Posted by Plamen Miltenoff on 2nd June 2014
Some 30 years ago, there was only “literacy” – the ability to read and write. Then literacy proliferated into a multitude of literacies: e.g. – media (including “new media”), visual, information, computer, digital, technology, data. According to some, up to 20 literacies: http://listverse.com/2012/04/04/20-types-of-illiteracy/.
I often receive [mildly put] “unhappy” comments by students when their semester papers are turned with [a large amount of) corrections, involving their use of grammar and style. Students revolt against grammar and academic style NOT having place in a "technology" class. I counter with the fact that a technology class is still a college class and academic IS ABOUT learning how to speak and write and not only learning the "trade" (technology). There is a multitude of articles underlining the ability to write not only for English major but also computer major, e.g.:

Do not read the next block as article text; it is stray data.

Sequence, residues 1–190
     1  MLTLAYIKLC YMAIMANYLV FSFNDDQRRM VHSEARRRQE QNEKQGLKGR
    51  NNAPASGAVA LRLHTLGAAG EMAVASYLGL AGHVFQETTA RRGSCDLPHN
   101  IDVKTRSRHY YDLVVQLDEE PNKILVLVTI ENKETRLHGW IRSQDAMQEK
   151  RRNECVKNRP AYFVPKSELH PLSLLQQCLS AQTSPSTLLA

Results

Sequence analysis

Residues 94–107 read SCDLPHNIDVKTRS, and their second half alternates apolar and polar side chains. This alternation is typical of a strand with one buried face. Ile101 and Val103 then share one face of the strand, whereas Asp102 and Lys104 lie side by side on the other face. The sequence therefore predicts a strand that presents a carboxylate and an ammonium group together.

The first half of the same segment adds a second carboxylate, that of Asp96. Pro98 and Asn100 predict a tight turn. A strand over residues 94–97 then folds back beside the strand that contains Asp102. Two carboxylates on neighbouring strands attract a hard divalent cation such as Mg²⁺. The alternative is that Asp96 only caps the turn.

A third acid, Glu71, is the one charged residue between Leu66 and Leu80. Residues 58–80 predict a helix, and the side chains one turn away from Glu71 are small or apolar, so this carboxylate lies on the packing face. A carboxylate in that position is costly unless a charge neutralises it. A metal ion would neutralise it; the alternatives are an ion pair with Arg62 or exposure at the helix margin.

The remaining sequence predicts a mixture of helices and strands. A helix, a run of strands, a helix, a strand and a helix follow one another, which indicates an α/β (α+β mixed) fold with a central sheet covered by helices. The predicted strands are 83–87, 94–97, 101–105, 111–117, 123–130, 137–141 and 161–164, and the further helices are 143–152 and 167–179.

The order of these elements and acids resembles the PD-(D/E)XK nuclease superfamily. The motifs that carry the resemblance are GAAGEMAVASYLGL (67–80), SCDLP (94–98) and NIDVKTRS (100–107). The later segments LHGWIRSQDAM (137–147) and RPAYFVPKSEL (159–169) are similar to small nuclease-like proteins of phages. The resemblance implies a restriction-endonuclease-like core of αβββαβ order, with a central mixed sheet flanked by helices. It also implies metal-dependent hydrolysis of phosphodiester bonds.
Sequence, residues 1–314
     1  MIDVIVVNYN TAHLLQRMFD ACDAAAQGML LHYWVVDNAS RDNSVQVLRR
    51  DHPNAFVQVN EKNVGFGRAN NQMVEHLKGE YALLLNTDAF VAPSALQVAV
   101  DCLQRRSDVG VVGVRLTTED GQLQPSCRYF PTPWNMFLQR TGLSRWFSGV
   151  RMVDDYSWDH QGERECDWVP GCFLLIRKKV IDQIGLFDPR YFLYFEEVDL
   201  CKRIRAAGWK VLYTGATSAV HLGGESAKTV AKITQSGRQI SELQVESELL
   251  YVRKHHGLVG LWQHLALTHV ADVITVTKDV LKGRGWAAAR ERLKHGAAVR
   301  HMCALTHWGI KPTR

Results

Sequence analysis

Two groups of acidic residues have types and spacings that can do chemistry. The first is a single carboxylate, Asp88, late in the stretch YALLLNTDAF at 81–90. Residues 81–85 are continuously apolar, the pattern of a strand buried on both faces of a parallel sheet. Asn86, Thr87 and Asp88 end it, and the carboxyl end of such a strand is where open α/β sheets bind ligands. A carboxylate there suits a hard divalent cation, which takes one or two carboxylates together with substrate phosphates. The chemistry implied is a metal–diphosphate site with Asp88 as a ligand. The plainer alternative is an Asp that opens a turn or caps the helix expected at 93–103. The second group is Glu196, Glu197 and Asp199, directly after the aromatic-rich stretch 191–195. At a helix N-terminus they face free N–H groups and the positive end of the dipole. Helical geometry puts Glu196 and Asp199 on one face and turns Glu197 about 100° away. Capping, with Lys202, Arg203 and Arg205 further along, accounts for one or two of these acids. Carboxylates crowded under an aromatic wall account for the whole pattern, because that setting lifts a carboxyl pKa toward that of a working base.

Cilliers, C. B. (2012). Student Perception of Academic Writing Skills Activities in a Traditional Programming Course. Computers & Education, 58(4), 1028-1041.
Dankoski M, Palmer M, Gopen G, et al. Academic Writing: Supporting Faculty in a Critical Competency for Success. Journal Of Faculty Development [serial online]. May 1, 2012;26(2):47-54. Available from: ERIC, Ipswich, MA. Accessed June 1, 2014.
To make things worse (for both students and instructors), instructors are inconsistent, whereas some do evaluate students on their “technology” skills only and some (like me) insist on a “complete” academic package.
What is your take? Do you think at least two of the aforementioned literacies: technology literacy and old fashioned literacy need to co-exist in class?